Drivers Get Defensive

By Sandy Long

Recently the question was asked, “Why do drivers get so defensive?”  The thread where this was asked was about how some in social networking pages and forums get hot under the collar so quickly during discussions.  This question struck me as funny in a way because the asker should know the answer.  So, I decided to answer the question publically.

Truck drivers are most likely some of the most opinionated, strong willed people in the world.  We put our lives on the line daily by the minute and just in that, we cannot be anything other than strong both physically and mentally.  We are isolated in our jobs for the most part and many of us, over time, lose some of the social niceties required in polite society.

Our lifestyle and our financial living hang on the mood of the officer stopping us, the actions of those around us and our companies who are running scared in the increasing regulatory world of trucking.  Companies have not lost the idea that drivers are a dime a dozen while talking about driver retention and driver shortage yet not getting us home for regular hometime, setting up road blocks to our receiving fuel and safety bonuses and getting enough miles to survive.  On the other hand, companies expect for us to deliver just in time freight while under the microscope of e-logs or screaming about ‘running legal’ after sitting for 6 hours at a shippers pulling the rabbit out of the proverbial hat to make sure ‘contractual agreements’ are met.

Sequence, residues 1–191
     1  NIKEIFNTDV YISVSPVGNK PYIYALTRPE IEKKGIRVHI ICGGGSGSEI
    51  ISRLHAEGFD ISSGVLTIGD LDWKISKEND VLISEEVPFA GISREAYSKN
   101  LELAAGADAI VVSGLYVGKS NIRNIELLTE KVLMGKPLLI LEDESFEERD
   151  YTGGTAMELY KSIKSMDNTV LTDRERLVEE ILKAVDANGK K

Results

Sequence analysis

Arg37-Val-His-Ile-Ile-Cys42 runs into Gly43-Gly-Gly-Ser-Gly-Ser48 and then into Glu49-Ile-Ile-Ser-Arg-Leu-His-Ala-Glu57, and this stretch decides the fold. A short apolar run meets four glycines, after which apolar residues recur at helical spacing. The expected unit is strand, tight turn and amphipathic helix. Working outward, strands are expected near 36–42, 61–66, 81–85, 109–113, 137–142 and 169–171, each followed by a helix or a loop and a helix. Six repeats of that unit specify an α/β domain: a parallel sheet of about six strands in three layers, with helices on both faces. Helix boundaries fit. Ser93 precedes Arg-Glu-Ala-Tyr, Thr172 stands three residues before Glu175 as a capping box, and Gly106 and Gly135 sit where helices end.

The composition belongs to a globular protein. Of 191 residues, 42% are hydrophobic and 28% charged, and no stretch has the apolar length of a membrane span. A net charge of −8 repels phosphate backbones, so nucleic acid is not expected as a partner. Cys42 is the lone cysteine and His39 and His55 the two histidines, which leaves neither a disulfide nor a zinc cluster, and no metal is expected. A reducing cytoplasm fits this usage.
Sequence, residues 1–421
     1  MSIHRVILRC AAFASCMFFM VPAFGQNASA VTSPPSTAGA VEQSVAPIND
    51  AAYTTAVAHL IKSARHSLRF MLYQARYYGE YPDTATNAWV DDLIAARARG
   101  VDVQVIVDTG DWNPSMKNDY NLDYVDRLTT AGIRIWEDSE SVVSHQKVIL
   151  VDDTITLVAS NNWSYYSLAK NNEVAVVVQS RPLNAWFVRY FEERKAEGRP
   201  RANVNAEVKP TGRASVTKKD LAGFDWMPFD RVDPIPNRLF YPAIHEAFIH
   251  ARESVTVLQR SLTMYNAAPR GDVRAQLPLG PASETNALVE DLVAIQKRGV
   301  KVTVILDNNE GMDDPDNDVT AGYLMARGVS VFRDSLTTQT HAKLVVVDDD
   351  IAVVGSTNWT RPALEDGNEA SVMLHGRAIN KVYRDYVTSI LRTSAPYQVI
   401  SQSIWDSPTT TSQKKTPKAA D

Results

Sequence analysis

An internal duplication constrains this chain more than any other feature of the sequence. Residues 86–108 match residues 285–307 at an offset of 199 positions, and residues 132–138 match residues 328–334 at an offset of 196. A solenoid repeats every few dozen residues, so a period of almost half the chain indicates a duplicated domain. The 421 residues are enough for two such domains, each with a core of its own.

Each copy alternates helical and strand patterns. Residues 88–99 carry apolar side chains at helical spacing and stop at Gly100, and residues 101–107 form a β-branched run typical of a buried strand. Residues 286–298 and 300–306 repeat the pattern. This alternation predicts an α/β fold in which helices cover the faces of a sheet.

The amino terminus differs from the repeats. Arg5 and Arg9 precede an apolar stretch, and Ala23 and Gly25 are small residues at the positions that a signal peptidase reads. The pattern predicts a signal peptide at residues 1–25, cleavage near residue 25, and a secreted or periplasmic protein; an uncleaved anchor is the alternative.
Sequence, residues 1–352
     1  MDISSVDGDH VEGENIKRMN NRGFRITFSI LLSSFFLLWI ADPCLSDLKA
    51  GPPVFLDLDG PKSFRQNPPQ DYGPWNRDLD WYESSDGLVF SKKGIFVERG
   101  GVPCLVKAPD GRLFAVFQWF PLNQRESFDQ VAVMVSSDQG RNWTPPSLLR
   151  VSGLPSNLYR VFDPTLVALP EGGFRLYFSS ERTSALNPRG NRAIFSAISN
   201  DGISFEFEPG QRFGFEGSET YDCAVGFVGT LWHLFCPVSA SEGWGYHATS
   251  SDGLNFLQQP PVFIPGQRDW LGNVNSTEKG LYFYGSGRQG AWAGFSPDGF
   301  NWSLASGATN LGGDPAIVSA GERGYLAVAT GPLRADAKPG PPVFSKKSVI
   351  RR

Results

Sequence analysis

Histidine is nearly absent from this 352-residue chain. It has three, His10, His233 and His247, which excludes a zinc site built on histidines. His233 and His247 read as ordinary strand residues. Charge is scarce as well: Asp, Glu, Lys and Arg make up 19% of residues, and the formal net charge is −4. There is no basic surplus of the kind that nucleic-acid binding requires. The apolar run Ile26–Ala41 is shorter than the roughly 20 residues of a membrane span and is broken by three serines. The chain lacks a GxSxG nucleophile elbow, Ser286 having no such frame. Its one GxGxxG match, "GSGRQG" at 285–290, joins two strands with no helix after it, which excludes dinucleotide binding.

Because of the lack of good training regulations, companies have jumped on the bandwagon of the training companies, read the mega companies, and taken everything down to the lowest common denominator no matter what the driver’s experience level is; they treat even safe, experienced drivers as if they are the newest student drivers who need to be micromanaged.  Satellite tracking, electronic logs, micromanagement of time and maximization of hours all combine to a driver having to account for every minute of their workday down to explaining why they stopped for four minutes to urinate.

Truck drivers have become so hated by the general public through sensationalistic reporting by the media and misstating of statistics by the government that the trucker while in a truck stop has to hear people saying things like a friend related.  She was in the restroom and heard a mother say to her child, “Now you make sure you don’t touch anything, those nasty truck drivers use this bathroom.”

I have been waiting in line at truck stops and hear non-trucking people complain about us truckers being there in the first place, at a Pilot a lady said, “I do not know why you allow those dangerous truckers in here!”  At a Flying J a man said, “I wish these ‘effin’ truckers would go someplace else!”  My favorite from a fuel desk manager at the J in Des Moines, “I would rather deal with 100 tour buses than you truckers any time, this is a travel plaza not a truck stop!”  Gives you a warm fuzzy feeling doesn’t it.